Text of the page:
Initially, I would say the words “bacon treat”.  Soon, upon hearing these words, Dylan began running to the breadbox where the treats are kept.  He would stand there, salivating, while I opened the breadbox and got out his treat.

Now Dylan begins salivating the moment he comes in from his morning run–without even hearing those delicious words.  All of which makes me think of Pavlov and his famous dogs.

Back in 1952, when I took that ditzy psychology course required of all University of Wisconsin Liberal Arts students (even those of us who majored in English literature and French!) I was amused, amazed, and disgusted over the lingering fame of a man who discovered that his dogs would salivate when they heard the dinner bell.  Duh!

One doesn’t have to be a pychologist (or even a Russian) to know that when dinner is accompanied by a ringing bell, then eventually the sound of that bell will evoke a response in dogs.  Anyone who has ever lived with dogs (or cats or children for that matter) should know that much about any sentient creature. 

In fact, just a bit of self-knowledge should tell us all we need to know about conditioned responses, without paying homage to some dead Russian who pretended he was doing “scientific” experiments. 

The words “pork tenderloin roast with gravy” and “Dutch apple pie” cause me to automatically lick my chops, and I probably salivate as well.  And I definitely gag in revulsion when I hear that dreadful-to-me word, “asparagus”! 

Dylan is a case in point:  dogs do salivate when conditioned.  But Dylan and I don’t expect to become famous just because I’m telling you about it!  🙂

Margaret L. Been–All Rights Reserved

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In just a few days, we’ve experienced a 55 degree increase in outdoor temperatures–from 35 below zero to 20 above.  That’s monumental!

No longer is our cozy home chilly around the edges.  At least for a time we can move freely, indoors and out, without dressing like the Michelin Man. 

Chickadees are “chickadee-dee-dee-ing” all over the yard.  The blue jays have returned to their normal size and appearance.  They were puffed up in the severe cold, looking like Michelin Birds. 

We’ll have more below zero days, but meanwhile it’s heaven to enjoy a break!  Dogwood branches poking from piles of snow bring color to our days.  Soon I’ll clip some of the branches, along with bits of that invasive Japanese honeysuckle which we love and refuse to eradicate from our land. 

The cut branches will be placed in a large vase full of water, to bud out and grace the table where we eat–like lingering twilight, heralding the coming of spring.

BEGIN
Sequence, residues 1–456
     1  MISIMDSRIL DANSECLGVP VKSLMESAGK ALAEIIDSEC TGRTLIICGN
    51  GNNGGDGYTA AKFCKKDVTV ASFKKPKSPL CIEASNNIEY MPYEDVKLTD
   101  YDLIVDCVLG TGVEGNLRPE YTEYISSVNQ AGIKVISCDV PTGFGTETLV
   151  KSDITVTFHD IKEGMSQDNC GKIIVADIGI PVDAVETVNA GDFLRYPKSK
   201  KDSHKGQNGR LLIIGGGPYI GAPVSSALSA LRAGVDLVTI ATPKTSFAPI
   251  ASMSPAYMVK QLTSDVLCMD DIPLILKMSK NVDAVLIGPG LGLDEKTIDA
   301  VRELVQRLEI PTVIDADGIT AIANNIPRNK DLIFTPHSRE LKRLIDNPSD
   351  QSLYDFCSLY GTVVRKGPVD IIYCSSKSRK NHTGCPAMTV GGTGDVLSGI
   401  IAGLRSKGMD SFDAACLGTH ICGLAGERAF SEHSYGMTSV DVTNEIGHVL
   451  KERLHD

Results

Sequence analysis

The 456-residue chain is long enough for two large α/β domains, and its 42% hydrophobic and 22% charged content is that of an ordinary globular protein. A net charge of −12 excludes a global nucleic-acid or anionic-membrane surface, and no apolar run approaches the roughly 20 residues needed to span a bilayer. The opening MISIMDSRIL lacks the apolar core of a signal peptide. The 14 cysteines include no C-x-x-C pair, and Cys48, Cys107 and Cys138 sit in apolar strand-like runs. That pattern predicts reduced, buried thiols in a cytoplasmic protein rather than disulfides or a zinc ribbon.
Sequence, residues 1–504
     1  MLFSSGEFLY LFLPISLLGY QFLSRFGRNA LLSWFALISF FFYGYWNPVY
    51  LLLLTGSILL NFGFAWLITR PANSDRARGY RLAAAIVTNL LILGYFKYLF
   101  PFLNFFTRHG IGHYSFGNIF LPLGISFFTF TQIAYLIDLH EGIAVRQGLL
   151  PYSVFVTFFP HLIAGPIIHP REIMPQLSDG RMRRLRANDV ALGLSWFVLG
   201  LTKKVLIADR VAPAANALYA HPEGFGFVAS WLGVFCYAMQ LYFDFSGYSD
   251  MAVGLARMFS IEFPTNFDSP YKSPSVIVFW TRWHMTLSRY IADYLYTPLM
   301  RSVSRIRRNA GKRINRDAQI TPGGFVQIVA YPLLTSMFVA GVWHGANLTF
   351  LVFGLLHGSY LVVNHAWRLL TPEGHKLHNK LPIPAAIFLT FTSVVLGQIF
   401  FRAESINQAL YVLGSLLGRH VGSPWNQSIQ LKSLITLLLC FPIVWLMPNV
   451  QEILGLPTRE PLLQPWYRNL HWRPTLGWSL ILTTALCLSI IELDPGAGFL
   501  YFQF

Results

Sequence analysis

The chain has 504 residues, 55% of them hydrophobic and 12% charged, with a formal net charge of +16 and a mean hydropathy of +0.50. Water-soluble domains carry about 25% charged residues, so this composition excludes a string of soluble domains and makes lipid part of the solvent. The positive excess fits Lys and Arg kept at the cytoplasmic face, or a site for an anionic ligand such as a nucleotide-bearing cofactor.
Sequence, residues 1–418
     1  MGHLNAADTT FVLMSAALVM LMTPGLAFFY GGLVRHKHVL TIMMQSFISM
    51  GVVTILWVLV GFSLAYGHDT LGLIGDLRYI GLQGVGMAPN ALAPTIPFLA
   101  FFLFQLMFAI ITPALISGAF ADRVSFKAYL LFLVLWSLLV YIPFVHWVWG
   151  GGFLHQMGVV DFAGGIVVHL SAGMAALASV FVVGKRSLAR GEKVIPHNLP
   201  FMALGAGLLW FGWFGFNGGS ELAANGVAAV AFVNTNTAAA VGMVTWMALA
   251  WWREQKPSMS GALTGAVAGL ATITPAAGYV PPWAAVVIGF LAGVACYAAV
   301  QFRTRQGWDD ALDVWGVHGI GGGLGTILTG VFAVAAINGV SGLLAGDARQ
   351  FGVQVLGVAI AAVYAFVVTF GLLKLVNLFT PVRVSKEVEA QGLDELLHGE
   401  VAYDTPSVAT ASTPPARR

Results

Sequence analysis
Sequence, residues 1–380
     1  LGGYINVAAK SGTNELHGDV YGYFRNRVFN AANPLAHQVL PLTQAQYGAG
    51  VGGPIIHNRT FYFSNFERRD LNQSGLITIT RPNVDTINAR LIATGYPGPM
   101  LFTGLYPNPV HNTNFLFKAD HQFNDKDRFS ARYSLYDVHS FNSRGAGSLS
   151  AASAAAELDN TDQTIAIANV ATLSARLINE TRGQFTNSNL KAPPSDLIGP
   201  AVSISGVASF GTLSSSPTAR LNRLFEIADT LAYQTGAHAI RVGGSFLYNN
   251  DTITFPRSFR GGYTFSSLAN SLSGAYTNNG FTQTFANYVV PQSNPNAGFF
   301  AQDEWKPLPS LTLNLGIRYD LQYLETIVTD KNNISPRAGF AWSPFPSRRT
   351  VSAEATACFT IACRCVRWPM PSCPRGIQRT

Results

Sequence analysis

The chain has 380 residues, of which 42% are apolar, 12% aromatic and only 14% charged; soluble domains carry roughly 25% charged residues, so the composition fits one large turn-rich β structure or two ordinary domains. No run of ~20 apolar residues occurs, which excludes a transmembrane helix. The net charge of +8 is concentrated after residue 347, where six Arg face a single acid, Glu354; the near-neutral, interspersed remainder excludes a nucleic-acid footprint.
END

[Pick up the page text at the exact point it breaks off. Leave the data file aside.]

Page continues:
While we celebrate winter, it’s not too early to dream of spring.  Come February, things begin to stir–especially our blood!  Come March, the Canada geese and redwings return.  From then on, it’s excitement and change day in and day out.  My spirits soar just thinking about March, April, and May!

How we love the cycle of the seasons.  Winter is beautiful, but how especially wonderful to have a reprieve!

Margaret L. Been–All Rights Reserved


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January is a gift of time.  Time to slow down.  Time to stretch out on a sunny spot of carpet flooded in light.  Time to water the house plants and marvel at their growth.  Freshly watered plants yield the heady fragrance of wet earth, a panacea for winter ills and blahs. 

Time to browse through seed catalogues and dream.  When it comes to gardening, I do far more dreaming than digging and planting.  I guess you could call what I do, “Fantasy Gardening”!  But what a joy to browse through those catalogues.

Time to knit, and time to read.  (Actually, every day of the year is a time to read:  from frozen January to those sticky summer days on the screen porch when a thermometer reading of 92 makes us forget that it was ever minus 30 degrees.)

Over the years I’ve been blessed.  Even though I worked especially hard–raising 6 children and countless pets, keeping a clean and pleasant home, happily providing meals for small armies, and working in a home office for our construction company–I could always find a few moments, especially in slow moving January, to linger in a sunny window and bask in the gift of time.

Even in the busiest years, I refused to be enslaved by time.  I would not allow it to be a tyrant hounding my steps and tempting me to complain about being “so busy”.  With thoughtful planning and organization in the home, I could take time, find time, and make time for whatever I considered to be most important. 

Time is a treasure.  Time is eternity.  God has given each of us a miniscule blink of eternity, to savor in our fleeting moments on earth.

Margaret L. Been–All Rights Reserved